Eastern Afromontane hotspot news
Erosion resulting from human activities such as agriculture is a widespread and major cause of land degradation. Addressing erosion and sedimentation is therefore central to the CRAG approach currently being piloted in the Lake Kivu–Rusizi River Basins in Burundi, DR Congo and Rwanda.
The Malagarasi River faces many urgent threats, mainly from development activities such as salt mining, hydropower dam constructions, and pressure from agriculture activities. How do you ensure that the local communities benefit without damaging the river’s biodiversity?
Second article in the new series about 'women in conservation', based on the five ‘Women in Healthy Sustainable Societies’ projects that have been implemented at five Eastern Afromontane KBAs in Kenya and Uganda.
Continuation of the series about 'women in conservation', based on the five ‘Women in Healthy Sustainable Societies’ projects that have been implemented at five Eastern Afromontane KBAs in Kenya and Uganda.
NatureUganda's Programme Manager Michael Opige talks about the goal of sustainably managing oil and gas exploration in Uganda's Albertine Graben, also known as the Albertine Rift Region
A first grant under the 'rapid response fund' has been provided to Conservation Lake Tanganyika (CLT), a local NGO in Zambia. CLT’s project aimed to enhance the participation of local people in the management of two KBAs (also an Important Bird Area) in Zambia: Sumbu National Park and Tondwa Game Management Area.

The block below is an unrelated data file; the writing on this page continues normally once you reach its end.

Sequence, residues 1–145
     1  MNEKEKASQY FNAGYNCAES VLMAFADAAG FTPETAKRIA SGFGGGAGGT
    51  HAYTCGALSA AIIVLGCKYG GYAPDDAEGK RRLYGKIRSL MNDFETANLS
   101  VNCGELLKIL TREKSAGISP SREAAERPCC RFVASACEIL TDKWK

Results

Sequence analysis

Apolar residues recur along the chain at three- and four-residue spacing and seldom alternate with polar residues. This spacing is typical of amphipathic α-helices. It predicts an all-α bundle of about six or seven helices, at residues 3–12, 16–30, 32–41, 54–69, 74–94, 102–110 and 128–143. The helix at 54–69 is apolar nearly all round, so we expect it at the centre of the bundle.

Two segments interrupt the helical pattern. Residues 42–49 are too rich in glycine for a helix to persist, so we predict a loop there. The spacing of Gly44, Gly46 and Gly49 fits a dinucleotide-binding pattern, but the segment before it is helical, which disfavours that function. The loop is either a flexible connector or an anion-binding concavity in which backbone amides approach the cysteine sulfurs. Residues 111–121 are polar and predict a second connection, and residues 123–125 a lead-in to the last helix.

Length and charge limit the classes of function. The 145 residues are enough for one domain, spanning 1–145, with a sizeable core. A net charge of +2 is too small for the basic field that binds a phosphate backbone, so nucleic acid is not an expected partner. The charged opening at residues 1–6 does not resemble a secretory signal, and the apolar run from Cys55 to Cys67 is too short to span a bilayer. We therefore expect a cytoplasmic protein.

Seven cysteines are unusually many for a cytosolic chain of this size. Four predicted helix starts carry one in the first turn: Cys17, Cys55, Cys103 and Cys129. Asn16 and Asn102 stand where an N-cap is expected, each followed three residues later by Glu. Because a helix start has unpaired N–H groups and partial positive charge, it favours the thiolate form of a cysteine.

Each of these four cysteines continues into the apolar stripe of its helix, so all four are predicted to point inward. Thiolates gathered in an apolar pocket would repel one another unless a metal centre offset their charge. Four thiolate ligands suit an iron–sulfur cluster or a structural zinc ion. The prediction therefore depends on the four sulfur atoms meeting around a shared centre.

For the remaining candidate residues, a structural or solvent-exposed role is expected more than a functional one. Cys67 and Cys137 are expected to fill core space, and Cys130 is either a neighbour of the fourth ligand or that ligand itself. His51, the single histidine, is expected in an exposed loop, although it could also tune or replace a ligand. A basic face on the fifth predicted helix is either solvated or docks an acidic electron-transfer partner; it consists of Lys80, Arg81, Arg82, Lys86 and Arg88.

The women of Manda Wilderness in Northern Mozambique are turning the earth beneath their feet into objects of beauty that could also earn them some much-welcome cash. The Manda Wilderness Bio-Diversity Project, run by the Manda Wilderness Community Trust and funded by the Critical Ecosystem Partnership Fund (CEPF), has its main aims at protecting the Lake Niassa region, a key biodiversity area.
As part of a CEPF funded project in the Eastern Afromontane hotspot the fundraising guide “Institutional Fundraising for Conservation Projects” was translated to Arabic
Local Institutions Capacity Building: Two Community Based Organisations (CBOs) and four Lower Local Governments around the mountain gorilla parks in Rwanda and Uganda have benefited from training on project planning and development organised by the International Gorilla Conservation Programme (IGCP) with financial support from the Critical Ecosystem Partnership Fund (CEPF).
The Additive Adventure 2015 Next Gen Symposium in Gorongosa National Park in Mozambique is a chance for participants to elevate the conversation, connections, and skills available to university students passionate about conserving the natural world and driving positive change for human societies.
In Burundi, the Critical Ecosystem Partnership Fund supported capacity-building activities with communities near Kibira National Park, an Important Bird Area and Eastern Afromontane Key Biodiversity Area, to improve agricultural practices and preserve wood resources – and ultimately to reduce the pressure on the Park.
KENVO (the Kijabe Environment Volunteers), BirdLife's Site Support Group / Local Conservation Group at the Kikuyu Escarpment Important Bird and Biodiversity Area (IBA) in Kenya, has started a water bottling enterprise as a new sustainable source of income to cover its conservation activities.